C anada’s Housing bubble
figure 10 People per Dwelling is Declining
Census Year 2006 2001 1996
sourCe Statistics Canada
Toronto People per Dwelling 2.7 2.8 2.9
Vancouver People per Dwelling 2.4 2.5 2.6
Vancouver builders followed a similar trend during the 1994 run up in prices. As Vancouver house prices increased, builders again rushed to meet the demand and cash in. New home completions hit a peak of over 12,000 units per quarter in the Fall of 1993, approximately one year before Vancouver housing prices hit their peak in 1994. As housing prices dropped, builders had a harder time making a profit on new homes and therefore cut back on housing completions. More recently, Ontario housing completions were on an upswing through the early-2000s, possibly in reaction to the increases in population several years earlier in addition to higher prices. What is interesting is that since that upswing, new house completion has actually declined even though housing prices are on a tear. With housing prices now at a new all-time high in Toronto, builders either are not willing or are not able to keep up. The new house completion trend in Toronto is actually on a decline. Vancouver, for its, part has seen an increase in home completions from the lows of the late90s of approximately 4,000 homes per quarter to almost 10,000 by 2008. However, as housing prices continue to explode from the 2008 recessionary dip, the housing completion trend, as in Toronto, is on a decline. In both cases, the lack of adequate new houses being put on the market by builders is only increasing pressure on housing prices. What is interesting is that once we combine housing stock with population, as in Figure 10, we find that the average number of people per private dwelling has actually been going down over
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time. Presumably, prices will be bid up if there are more people bidding on the same number of houses, perhaps explaining the recent increase in prices. However, the trend is in the opposite direction. The stock of private dwellings is actually increasing at a faster rate than population growth, meaning more houses are being built than people are being added to the population. The trend is happening even faster in Vancouver where prices are higher than in Toronto. Builders are keeping up with population growth and then some in these two cities. Likely changing preferences, such as more Canadians living on their own, are driving housing prices despite traditional demand and supply figures are pushing the other way.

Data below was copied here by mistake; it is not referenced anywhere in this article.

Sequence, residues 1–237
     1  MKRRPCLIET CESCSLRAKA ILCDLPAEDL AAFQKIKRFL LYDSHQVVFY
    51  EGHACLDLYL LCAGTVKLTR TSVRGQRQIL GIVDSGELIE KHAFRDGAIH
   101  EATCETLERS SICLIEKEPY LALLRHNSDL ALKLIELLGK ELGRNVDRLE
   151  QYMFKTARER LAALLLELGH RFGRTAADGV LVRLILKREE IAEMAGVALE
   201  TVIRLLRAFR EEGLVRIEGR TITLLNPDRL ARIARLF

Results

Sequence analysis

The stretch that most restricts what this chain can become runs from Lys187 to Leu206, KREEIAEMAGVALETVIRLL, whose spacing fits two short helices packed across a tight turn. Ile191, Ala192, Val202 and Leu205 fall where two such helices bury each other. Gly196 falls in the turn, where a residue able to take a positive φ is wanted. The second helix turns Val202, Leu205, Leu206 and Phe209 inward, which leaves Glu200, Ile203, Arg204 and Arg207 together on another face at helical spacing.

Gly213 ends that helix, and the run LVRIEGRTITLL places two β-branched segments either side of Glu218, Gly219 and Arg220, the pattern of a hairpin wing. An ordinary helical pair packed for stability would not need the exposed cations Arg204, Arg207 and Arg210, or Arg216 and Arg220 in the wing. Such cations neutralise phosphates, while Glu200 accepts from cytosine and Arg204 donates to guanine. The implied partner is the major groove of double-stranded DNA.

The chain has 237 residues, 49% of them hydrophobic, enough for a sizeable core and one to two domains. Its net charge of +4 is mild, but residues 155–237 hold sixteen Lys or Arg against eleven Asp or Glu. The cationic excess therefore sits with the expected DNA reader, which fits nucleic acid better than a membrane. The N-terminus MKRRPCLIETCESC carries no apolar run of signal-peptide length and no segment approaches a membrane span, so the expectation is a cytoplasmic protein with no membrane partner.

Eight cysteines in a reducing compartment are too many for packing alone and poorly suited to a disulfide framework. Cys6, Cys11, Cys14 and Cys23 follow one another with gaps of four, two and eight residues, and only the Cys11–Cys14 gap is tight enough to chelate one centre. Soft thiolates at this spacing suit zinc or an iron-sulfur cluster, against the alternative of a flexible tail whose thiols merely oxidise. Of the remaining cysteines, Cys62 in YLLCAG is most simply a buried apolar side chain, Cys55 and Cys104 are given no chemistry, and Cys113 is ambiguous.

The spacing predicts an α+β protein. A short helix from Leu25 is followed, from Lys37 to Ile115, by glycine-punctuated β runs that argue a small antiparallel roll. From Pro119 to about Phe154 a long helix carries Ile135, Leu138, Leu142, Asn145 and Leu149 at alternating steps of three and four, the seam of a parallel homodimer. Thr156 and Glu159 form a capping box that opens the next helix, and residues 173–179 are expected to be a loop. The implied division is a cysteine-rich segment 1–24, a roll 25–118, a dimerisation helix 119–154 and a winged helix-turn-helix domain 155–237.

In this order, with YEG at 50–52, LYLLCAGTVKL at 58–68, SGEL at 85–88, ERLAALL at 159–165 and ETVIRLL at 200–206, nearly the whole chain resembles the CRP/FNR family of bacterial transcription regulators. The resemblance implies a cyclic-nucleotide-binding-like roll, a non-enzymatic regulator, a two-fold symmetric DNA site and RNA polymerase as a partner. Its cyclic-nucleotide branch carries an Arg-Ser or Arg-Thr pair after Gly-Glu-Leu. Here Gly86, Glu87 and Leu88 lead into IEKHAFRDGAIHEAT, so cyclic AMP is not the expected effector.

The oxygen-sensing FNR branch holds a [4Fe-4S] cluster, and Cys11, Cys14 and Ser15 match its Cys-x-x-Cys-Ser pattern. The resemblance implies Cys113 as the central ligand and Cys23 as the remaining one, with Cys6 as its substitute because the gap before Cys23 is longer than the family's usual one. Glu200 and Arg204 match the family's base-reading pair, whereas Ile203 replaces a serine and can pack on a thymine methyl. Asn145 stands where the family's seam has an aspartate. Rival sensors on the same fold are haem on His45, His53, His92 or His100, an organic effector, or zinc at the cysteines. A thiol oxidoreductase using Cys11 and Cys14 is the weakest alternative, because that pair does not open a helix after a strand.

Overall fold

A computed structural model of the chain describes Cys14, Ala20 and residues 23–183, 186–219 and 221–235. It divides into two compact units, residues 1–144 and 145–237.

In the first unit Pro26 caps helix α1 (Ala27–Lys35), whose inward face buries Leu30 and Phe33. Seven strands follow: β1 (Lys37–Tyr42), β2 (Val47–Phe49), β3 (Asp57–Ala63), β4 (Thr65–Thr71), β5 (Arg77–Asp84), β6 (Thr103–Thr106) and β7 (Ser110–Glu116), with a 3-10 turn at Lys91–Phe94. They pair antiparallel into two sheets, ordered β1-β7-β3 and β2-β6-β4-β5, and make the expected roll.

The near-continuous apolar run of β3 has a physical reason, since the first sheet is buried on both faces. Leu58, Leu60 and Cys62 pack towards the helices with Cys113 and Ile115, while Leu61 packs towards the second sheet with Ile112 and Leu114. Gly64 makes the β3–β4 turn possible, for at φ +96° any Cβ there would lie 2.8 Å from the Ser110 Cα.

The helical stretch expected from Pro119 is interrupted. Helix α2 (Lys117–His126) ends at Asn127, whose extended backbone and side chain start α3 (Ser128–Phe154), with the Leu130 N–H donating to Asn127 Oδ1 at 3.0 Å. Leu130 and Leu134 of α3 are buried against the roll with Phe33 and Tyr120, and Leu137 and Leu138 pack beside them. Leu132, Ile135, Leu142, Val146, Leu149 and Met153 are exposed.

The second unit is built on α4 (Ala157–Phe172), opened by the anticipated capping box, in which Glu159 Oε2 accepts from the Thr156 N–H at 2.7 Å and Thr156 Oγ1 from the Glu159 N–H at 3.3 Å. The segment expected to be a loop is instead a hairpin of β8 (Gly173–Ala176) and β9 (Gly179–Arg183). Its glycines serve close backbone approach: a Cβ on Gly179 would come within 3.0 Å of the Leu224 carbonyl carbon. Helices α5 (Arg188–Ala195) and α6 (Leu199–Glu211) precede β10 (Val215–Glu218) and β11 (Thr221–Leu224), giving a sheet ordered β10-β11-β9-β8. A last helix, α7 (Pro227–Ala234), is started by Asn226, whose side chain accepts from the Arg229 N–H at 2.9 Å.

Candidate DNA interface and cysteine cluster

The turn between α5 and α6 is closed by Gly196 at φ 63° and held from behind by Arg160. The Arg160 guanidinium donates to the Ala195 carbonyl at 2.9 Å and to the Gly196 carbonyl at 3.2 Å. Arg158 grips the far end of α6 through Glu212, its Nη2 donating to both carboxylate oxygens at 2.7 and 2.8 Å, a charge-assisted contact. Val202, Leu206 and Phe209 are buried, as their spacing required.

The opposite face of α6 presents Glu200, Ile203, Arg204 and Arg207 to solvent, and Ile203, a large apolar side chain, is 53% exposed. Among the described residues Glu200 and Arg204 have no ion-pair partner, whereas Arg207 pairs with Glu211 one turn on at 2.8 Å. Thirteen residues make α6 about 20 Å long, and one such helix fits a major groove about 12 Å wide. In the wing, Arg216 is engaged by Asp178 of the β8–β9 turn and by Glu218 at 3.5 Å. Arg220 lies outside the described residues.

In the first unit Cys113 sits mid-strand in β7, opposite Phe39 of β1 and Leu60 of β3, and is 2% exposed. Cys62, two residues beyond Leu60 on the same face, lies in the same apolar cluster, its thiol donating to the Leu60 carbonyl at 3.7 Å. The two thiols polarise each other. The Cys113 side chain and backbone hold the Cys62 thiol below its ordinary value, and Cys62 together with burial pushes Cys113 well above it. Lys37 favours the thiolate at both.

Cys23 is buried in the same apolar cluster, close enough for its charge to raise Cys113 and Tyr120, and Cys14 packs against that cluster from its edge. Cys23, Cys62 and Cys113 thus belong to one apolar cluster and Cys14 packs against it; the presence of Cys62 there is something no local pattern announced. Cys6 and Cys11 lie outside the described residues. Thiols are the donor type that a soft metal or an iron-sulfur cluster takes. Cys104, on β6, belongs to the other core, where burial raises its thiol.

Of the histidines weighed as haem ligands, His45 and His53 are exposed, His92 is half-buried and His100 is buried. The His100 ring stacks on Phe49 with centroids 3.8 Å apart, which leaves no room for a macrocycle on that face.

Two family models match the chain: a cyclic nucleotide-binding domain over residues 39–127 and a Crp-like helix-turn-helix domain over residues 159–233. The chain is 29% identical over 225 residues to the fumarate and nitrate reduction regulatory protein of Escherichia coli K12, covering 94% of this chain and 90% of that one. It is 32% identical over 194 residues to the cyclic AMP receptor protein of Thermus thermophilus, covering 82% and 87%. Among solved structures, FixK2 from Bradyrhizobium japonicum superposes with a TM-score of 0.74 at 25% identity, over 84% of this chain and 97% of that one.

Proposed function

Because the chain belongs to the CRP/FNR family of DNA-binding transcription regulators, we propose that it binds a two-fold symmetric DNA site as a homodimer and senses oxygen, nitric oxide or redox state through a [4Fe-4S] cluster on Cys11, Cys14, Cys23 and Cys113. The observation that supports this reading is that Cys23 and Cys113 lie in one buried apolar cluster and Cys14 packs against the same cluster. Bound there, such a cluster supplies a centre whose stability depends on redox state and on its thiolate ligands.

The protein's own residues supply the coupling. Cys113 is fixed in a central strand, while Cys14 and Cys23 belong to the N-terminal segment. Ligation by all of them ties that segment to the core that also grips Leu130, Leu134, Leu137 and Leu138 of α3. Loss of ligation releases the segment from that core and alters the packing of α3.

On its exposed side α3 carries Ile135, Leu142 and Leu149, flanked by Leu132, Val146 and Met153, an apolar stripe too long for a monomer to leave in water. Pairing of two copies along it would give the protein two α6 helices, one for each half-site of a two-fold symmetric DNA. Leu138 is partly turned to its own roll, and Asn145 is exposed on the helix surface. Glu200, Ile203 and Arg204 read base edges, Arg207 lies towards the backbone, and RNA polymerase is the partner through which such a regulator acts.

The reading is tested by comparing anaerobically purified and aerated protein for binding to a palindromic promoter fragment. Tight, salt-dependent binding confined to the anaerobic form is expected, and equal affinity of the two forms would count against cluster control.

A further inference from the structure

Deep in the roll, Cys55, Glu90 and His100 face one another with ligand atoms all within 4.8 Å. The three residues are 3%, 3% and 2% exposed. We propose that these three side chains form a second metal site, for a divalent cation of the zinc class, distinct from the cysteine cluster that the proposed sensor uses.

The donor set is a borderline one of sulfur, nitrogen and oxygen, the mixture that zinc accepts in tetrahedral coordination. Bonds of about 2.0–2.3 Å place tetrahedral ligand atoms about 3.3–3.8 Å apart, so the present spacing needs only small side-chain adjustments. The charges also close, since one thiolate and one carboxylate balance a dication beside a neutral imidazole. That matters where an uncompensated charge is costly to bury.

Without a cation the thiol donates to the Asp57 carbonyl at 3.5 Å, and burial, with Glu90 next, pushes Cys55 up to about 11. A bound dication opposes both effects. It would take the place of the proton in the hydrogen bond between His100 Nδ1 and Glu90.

The 1989 Toronto Bubble
The 1989 Toronto bubble is the largest in recent Canadian memory. As the Toronto bubble inflated, so did the Vancouver bubble, though it did not peak until 1994. While the Toronto bubble ran out of steam in 1989, the Vancouver bubble that started only two years later continued to 1994. It is interesting to note that these were relatively isolated phenomena. Housing prices in the other large cities in Canada remained almost completely unaffected by the run up in prices in Toronto and Vancouver.17 In the GTA, housing prices started picking up steam in mid-1985. Their 1984 average was $95,000. Housing prices hit their peak in April 1989 at an average price of $261,000, a run up of almost 175% in 5 years. The subsequent crash saw prices fall 28% from their April 1989 high to a new low of $189,000 in August of 1993. As noted in Figure 7, historically low unemployment through the late-1980s, drawing in net migration and new demand, likely drove the inflation of the bubble. Builders tried to keep up increasing house completions (Figure 9) throughout, however prices did not relent. The spike in interest rates in 1990, combined with the inevi-
figure 11 1989 Toronto Bubble by Housing Type
100 Detached bungalow 50 Standard condominium apartment 0 1986 1987 1988 1989 1990 Standard townhouse 1991 1992 Standard two-storey 1993 1994 Executive detached two-storey Luxury condominium apartment
sourCe Royal Lepage Survey of Canadian House Prices and Authors Calculations17
table spike in unemployment, deflated the 1989 bubble in short order as the influx of new population also dropped off. It is important to note that even though housing prices did see a significant contraction between 1989 and 1993, the 1993 price was still significantly above the previous equilibrium level of approximately $95,000 experienced 9 years earlier. Between the start of the bubble and its end, housing prices nonetheless appreciated almost 100%, with only 42% of that appreciation due to inflation. That new plateau, even in inflation-adjusted terms, has not been breached since. The Toronto bubble was characterized initially by rising prices in the standard condominium market. The other housing types for their part did not experience the same sort of excesses seen by condos. While the other housing types did not spike as high, they still went along for the ride. Since condominiums drove the bubble, they were also the class that had the most to lose when it burst. Sure enough the highest flying housing class lost the most value when housing